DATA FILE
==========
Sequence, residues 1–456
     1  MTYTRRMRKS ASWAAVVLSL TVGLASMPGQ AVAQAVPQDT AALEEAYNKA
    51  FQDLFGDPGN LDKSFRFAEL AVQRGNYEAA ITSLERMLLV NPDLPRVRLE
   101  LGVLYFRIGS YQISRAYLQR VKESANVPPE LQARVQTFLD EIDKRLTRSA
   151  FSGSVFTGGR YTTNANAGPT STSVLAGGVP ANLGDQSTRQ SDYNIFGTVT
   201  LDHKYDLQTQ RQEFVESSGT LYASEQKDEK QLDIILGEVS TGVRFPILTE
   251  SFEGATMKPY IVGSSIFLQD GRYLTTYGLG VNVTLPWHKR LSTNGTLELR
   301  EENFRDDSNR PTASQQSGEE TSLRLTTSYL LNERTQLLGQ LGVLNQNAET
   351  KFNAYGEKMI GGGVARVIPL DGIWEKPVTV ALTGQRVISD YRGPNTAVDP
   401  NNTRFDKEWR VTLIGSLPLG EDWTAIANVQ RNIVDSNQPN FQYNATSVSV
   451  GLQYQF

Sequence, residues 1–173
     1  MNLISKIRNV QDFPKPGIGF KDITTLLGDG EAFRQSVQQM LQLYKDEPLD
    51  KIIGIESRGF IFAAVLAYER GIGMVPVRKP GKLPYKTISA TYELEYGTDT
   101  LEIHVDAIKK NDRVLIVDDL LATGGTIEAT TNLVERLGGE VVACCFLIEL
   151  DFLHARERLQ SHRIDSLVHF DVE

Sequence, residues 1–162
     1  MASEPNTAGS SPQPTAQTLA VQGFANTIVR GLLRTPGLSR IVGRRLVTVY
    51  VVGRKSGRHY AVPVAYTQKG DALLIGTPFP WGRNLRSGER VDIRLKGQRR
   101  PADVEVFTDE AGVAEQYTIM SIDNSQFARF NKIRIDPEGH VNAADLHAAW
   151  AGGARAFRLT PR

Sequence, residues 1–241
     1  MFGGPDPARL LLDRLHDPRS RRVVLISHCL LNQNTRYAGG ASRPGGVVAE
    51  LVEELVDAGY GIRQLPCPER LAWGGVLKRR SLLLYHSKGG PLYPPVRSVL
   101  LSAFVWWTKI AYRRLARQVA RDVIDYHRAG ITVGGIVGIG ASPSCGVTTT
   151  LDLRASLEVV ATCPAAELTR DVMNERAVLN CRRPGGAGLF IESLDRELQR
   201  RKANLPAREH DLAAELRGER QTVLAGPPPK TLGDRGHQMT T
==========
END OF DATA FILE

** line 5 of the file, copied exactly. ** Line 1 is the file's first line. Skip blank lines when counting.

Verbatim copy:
   151  FSGSVFTGGR YTTNANAGPT STSVLAGGVP ANLGDQSTRQ SDYNIFGTVT